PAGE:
In his judgment, High Court judge, Peter Fraser, slammed the business practices of the Post Office Vennells led, describing its denial that Horizon could be to blame for accounting shortfalls as amounting “to the 21st century equivalent of maintaining that the Earth is flat”.
Late last month, during a hearing of subpostmaster cases in the Court of Appeal, the existence of a document emerged, which allegedly proves the Post Office was advised by one of its own barristers that its expert witnesses, in the prosecutions of subpostmasters, failed to give information that could have undermined prosecutions The disclosure, which has not been made public, is from a barrister, Simon Clarke, to the Post Office about evidence given by an expert witness in the trials.
Conservative peer James Arbuthnot recently said the document could reveal that the Post Office “lied to, and was in contempt of, Parliament” during a previous inquiry into the scandal.
Following Vennells’ resignation, he said: “Can it be a coincidence that shortly after it became clear that the Post Office lied to Parliament, Paula Vennells announced she was stepping down from the NHS job?”
Alexander said: “It seems, from the sequence of events, that the current Court of Appeal proceedings, revelations of a barrister’s advice previously undisclosed by the Post Office and Lord Arbuthnot’s related contention that the Post Office lied and misled Parliament may have been important in the announcement of Paula Vennells’ departure.”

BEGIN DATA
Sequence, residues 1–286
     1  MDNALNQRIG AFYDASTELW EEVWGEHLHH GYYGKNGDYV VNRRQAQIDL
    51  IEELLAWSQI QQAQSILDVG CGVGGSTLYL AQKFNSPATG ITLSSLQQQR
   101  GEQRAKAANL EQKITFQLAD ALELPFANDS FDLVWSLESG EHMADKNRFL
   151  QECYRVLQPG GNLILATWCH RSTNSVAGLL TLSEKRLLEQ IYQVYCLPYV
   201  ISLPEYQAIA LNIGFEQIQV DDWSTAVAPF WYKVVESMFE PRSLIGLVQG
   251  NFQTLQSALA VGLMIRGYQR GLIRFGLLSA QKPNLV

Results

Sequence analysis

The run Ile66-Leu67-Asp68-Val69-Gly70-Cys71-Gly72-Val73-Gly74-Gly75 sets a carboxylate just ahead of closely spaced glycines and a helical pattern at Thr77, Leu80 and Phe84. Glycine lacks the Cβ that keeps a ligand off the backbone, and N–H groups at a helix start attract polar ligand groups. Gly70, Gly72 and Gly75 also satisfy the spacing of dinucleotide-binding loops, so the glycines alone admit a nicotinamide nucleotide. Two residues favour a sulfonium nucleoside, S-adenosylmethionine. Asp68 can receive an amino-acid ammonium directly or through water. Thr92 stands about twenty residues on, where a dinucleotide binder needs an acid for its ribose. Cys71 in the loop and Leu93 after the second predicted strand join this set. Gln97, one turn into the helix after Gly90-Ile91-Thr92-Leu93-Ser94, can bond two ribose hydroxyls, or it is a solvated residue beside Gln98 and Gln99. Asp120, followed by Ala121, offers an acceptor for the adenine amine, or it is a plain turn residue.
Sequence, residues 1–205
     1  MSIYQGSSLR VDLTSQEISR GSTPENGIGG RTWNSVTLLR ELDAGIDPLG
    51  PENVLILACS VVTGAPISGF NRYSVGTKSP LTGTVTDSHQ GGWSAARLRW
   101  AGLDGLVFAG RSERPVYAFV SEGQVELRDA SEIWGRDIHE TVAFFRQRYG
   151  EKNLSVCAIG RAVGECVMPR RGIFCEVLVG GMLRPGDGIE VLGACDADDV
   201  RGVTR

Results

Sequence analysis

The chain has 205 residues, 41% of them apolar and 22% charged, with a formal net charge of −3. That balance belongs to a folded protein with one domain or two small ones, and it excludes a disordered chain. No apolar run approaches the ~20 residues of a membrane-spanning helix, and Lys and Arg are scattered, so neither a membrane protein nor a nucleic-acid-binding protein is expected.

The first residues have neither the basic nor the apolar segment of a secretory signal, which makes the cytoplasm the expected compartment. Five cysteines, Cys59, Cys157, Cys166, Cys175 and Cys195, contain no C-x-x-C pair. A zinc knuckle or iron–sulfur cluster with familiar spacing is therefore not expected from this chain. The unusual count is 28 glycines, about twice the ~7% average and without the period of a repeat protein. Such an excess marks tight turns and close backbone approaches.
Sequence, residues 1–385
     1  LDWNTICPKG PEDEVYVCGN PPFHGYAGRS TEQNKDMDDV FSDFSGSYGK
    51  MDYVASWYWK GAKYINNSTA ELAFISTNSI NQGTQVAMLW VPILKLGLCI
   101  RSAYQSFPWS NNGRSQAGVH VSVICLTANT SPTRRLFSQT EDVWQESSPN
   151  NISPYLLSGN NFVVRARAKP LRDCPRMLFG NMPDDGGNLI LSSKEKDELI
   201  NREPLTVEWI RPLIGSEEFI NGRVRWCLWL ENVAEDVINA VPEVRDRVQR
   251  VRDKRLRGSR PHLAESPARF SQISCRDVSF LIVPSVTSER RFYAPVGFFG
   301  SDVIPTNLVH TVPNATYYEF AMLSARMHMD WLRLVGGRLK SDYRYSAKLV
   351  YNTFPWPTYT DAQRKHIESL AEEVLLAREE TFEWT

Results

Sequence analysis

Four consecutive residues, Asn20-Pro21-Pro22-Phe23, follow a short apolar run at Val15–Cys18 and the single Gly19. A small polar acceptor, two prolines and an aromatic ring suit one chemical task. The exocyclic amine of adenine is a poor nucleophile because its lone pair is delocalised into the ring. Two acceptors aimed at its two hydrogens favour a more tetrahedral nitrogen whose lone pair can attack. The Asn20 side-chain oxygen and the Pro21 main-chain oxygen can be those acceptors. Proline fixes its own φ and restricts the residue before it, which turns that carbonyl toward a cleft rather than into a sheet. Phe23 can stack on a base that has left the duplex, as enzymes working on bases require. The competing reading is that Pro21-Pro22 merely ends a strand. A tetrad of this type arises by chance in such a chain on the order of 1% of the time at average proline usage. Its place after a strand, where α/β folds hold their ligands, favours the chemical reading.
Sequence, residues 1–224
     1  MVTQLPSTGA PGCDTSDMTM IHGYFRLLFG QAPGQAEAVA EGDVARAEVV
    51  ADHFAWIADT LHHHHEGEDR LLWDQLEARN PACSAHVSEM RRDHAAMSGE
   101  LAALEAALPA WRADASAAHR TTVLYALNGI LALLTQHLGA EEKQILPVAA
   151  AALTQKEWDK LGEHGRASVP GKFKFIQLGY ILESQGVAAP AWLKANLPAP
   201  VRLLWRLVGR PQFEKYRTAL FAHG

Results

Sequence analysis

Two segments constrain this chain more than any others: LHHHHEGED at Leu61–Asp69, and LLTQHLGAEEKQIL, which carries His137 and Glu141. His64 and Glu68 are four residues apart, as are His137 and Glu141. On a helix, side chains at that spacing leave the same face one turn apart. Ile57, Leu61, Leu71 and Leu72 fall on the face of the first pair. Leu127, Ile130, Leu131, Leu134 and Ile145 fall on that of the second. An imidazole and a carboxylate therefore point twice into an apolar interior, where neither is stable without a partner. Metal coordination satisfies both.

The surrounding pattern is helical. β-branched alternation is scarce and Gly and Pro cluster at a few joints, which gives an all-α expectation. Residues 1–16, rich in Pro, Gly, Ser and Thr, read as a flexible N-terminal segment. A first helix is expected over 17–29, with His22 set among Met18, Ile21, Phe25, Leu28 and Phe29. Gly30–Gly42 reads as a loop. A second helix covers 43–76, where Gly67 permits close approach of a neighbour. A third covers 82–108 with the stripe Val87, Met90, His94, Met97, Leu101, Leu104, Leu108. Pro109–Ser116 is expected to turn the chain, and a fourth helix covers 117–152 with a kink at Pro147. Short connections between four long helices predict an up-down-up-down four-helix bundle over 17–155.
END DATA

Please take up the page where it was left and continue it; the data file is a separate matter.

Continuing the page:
Separately, a former Post Office executive criticised by Fraser was director Angela van den Bogerd, who faced detailed questioning during the trial. When Fraser handed down his 300-page judgment on 15 March 2019, he said: “There were two specific matters where [Van den Bogerd] did not give me frank evidence, and sought to obfuscate matters, and mislead me.”
Van den Bogerd left the Post Office quietly and, according to BBC Wales, was last week named “head of people” by the Football Association of Wales.
Meanwhile, subpostmaster victims of the scandal are still trying to rebuild their lives and are still fighting for justice on many fronts. They were awarded £57.5m in damages, but after legal costs were taken out, they were left with just £11m between them. The JFSA is demanding that the government pay the legal costs to leave victims with a fairer settlement, but the government has refused. One claimant who was wrongly sent to prison, which left her life in tatters, received just £9,000 compensation.